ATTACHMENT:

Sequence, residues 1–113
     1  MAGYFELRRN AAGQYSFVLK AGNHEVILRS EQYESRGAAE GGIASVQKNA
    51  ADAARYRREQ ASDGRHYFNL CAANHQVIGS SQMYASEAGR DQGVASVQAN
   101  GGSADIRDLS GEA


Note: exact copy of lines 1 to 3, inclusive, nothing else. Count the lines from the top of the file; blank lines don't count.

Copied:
Sequence, residues 1–113
     1  MAGYFELRRN AAGQYSFVLK AGNHEVILRS EQYESRGAAE GGIASVQKNA
    51  ADAARYRREQ ASDGRHYFNL CAANHQVIGS SQMYASEAGR DQGVASVQAN